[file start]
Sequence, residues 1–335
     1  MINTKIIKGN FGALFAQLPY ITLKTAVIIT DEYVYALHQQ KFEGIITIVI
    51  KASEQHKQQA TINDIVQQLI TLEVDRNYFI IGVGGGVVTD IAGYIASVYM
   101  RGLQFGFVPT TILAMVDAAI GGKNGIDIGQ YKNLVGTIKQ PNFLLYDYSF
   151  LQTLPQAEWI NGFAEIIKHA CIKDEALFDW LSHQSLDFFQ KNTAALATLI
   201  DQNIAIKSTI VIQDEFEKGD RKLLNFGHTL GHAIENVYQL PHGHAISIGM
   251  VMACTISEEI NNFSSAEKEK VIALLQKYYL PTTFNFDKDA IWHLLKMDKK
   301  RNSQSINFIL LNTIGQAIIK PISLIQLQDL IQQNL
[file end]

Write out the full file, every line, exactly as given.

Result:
Sequence, residues 1–335
     1  MINTKIIKGN FGALFAQLPY ITLKTAVIIT DEYVYALHQQ KFEGIITIVI
    51  KASEQHKQQA TINDIVQQLI TLEVDRNYFI IGVGGGVVTD IAGYIASVYM
   101  RGLQFGFVPT TILAMVDAAI GGKNGIDIGQ YKNLVGTIKQ PNFLLYDYSF
   151  LQTLPQAEWI NGFAEIIKHA CIKDEALFDW LSHQSLDFFQ KNTAALATLI
   201  DQNIAIKSTI VIQDEFEKGD RKLLNFGHTL GHAIENVYQL PHGHAISIGM
   251  VMACTISEEI NNFSSAEKEK VIALLQKYYL PTTFNFDKDA IWHLLKMDKK
   301  RNSQSINFIL LNTIGQAIIK PISLIQLQDL IQQNL